Tackling Theft

Increasing profitability in an ever-changing retail environment

It is estimated that 30 to 40 percent of retail merchandise shrinkage can be attributed to shoplifting and theft, costing retailers as much as $15 billion annually. In a challenging, ever-changing retail environment, it’s more important than ever for retailers to find innovative solutions to tackle enormous margin-eaters, like theft, in order to create operational efficiencies and protect their bottom line.

Take a Proactive Approach to Loss Prevention

Loss prevention professionals play a vital role in the profitability and success of their retail organizations by protecting company assets, minimizing and preventing merchandise shrinkage, reducing fraud and preventing theft. Loss prevention teams have access to powerful tools that enable them to proactively prevent loss before it happens and have an even greater impact on company success and profits.

Retailers and loss prevention teams who take a holistic view of business operations can quickly detect facility vulnerabilities, prevent product spoilage and waste and identify fraudulent transactions and errors. They can aggressively identify vulnerable merchandise displays and entrances and exits that may be enticing to thieves and then recommend changes to immediately reduce risk of theft. Leveraging the power of video and data integration makes all of the above opportunities not only possible but affordable and relatively simple to implement.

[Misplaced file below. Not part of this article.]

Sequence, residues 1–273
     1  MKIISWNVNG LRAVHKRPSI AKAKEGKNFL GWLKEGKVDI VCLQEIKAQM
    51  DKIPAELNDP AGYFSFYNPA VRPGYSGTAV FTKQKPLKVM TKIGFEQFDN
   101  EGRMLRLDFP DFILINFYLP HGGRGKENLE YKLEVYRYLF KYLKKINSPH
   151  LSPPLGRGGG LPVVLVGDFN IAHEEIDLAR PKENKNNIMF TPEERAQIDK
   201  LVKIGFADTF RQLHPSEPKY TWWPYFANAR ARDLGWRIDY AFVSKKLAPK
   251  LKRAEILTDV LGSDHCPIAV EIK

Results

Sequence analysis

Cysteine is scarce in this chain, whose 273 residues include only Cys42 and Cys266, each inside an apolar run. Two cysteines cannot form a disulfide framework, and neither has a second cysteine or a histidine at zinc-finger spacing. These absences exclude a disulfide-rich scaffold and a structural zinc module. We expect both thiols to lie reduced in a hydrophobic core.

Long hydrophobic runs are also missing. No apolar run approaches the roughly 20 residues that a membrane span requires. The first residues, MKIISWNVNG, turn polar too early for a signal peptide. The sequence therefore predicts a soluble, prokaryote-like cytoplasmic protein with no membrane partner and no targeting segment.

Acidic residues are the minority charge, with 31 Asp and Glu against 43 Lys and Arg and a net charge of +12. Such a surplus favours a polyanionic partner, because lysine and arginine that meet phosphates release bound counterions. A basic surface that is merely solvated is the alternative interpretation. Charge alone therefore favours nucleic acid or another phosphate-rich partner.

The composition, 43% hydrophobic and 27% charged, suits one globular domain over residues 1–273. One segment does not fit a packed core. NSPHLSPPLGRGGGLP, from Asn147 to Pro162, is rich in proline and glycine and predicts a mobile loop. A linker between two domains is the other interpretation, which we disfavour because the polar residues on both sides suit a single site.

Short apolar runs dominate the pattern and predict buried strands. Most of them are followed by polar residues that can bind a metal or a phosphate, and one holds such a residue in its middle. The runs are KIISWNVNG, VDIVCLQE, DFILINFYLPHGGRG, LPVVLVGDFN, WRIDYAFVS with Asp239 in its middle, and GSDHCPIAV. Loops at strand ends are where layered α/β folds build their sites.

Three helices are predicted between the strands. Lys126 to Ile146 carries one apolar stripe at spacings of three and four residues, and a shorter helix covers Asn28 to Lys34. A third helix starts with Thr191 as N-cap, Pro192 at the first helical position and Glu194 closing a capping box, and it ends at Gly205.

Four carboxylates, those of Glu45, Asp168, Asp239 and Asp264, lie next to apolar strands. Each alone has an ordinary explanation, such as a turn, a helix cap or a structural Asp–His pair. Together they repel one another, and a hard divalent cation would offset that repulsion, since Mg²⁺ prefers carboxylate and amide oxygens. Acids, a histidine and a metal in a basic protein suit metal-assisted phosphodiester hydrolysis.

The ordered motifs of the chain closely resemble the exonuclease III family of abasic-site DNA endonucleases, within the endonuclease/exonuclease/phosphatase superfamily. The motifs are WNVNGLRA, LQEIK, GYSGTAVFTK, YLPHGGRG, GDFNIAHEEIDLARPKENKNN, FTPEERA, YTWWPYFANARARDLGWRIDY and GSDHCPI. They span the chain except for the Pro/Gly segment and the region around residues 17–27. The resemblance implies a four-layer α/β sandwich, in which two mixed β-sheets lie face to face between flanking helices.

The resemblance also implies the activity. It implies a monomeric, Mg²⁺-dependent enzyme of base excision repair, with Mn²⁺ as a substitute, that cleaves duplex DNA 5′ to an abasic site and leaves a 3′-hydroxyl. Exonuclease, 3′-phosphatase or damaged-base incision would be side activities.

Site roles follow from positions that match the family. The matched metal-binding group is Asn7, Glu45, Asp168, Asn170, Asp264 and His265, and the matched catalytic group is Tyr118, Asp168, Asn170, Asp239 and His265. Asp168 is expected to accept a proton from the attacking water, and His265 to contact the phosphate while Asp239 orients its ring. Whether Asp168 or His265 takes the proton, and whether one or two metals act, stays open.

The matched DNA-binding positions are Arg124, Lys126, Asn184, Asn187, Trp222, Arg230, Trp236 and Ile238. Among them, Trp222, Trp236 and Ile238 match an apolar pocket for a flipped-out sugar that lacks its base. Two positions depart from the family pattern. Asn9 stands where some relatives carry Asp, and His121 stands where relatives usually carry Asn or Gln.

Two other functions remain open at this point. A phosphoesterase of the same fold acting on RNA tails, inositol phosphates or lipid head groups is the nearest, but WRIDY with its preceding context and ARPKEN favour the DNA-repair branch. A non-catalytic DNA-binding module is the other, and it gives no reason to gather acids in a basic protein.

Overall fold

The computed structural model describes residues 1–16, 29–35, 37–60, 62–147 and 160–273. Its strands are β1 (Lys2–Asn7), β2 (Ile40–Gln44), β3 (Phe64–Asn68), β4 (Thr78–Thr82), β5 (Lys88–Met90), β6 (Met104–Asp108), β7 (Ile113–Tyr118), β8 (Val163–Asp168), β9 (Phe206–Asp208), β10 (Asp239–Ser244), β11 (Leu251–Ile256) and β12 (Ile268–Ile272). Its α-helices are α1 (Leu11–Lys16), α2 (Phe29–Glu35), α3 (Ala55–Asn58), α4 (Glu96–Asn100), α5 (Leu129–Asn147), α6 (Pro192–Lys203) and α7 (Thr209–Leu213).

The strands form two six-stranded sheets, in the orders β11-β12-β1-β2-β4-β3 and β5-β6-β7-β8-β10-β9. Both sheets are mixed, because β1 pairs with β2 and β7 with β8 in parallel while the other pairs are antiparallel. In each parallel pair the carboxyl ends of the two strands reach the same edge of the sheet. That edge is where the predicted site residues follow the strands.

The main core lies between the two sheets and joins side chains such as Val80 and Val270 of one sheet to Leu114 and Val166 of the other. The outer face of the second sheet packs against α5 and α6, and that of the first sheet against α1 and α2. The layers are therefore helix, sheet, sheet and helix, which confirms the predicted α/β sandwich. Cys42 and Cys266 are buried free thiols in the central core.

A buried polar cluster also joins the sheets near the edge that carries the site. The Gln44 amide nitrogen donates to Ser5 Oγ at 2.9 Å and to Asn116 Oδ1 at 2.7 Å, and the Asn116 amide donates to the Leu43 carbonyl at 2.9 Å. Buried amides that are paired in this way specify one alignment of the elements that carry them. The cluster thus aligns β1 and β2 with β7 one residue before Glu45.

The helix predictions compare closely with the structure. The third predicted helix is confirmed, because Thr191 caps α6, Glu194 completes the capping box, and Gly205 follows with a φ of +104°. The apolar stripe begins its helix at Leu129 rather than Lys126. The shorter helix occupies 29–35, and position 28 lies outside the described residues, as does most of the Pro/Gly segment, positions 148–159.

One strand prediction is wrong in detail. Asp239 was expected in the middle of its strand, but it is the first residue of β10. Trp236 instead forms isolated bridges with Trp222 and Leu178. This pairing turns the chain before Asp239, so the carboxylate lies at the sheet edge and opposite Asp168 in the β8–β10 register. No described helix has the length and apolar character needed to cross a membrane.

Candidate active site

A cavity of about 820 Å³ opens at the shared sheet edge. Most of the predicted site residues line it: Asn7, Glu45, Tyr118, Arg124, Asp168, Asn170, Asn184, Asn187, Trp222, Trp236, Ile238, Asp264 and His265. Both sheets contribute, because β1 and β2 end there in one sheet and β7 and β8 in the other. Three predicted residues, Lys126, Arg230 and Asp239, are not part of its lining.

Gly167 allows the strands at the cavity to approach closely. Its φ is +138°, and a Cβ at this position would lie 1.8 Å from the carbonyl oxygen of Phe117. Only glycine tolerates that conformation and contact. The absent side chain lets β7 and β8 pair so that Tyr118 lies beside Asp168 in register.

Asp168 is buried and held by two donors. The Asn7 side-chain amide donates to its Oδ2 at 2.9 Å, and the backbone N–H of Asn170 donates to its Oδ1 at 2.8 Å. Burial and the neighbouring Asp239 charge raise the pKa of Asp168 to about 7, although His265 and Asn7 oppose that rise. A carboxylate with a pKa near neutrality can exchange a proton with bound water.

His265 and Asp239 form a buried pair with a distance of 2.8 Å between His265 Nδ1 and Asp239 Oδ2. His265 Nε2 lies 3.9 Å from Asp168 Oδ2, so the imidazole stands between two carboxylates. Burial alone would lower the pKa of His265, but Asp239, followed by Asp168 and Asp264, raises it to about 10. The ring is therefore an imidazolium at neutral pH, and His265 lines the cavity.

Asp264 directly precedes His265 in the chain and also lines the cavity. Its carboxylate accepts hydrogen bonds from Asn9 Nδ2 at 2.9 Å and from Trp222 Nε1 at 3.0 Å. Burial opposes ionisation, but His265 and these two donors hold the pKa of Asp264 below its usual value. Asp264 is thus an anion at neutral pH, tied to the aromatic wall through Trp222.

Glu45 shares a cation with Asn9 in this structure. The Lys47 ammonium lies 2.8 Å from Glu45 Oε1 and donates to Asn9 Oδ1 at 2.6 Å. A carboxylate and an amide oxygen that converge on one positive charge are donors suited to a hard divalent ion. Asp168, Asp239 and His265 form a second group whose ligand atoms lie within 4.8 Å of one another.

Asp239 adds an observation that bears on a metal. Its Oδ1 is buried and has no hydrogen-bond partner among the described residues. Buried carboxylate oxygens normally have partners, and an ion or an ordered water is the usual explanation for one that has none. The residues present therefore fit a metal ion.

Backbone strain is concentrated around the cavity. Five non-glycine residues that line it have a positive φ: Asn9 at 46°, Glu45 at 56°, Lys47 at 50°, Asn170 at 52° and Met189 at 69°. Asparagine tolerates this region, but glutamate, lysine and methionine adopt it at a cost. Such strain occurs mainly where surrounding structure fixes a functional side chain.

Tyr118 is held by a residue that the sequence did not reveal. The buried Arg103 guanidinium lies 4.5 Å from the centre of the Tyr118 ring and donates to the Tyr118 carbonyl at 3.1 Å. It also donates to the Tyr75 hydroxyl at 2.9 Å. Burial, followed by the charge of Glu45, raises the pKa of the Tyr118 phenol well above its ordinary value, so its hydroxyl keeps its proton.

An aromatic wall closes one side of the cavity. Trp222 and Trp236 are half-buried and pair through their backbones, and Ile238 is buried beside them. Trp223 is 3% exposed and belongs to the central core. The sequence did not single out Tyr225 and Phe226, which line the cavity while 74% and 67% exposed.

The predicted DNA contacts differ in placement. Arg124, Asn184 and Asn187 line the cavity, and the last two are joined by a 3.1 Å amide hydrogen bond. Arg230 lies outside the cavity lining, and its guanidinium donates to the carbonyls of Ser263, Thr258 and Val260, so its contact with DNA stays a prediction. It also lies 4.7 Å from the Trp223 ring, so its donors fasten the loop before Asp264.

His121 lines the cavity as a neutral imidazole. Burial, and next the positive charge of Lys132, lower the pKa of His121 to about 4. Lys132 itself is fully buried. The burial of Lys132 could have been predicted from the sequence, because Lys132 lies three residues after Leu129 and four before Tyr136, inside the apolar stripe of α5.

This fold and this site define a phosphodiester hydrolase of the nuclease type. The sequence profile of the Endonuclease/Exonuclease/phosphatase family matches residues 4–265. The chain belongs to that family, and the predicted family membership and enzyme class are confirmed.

Identifying Theft in Real Time

Return on investment for loss prevention solutions relies on the ability to detect potential fraudulent transactions as they happen and stop theft before it happens, or to successfully investigate the crime after the fact.

Mid-sized retail businesses, including grocery and convenience stores and sports bars with multiple transaction points, have to manage inventory, shift changes and personnel, which also may mean more shrinkage risk. Oftentimes, retail managers don’t reconcile their transactions until the end of day, only to discover an increase by 10 to 15 percent in exception-based transactions such as returns, refunds, no sales or voids. At that point, how can these businesses ensure that there were no fraudulent transactions? A better way for retail managers to monitor transactions and suspicious activity is to generate real-time notifications of events directly to their PC or mobile device.

What if they had the ability to be notified when a fraudulent exception transaction happened in their store? Better yet, what if they had all the information and the video in reference to the transaction to access immediately, and had the power to effectively handle matters of shrinkage and stop theft in the act before cash could get out the door undetected? Video and data intelligence solutions that offer a powerful notification engine empower retailers to prevent theft, in real time.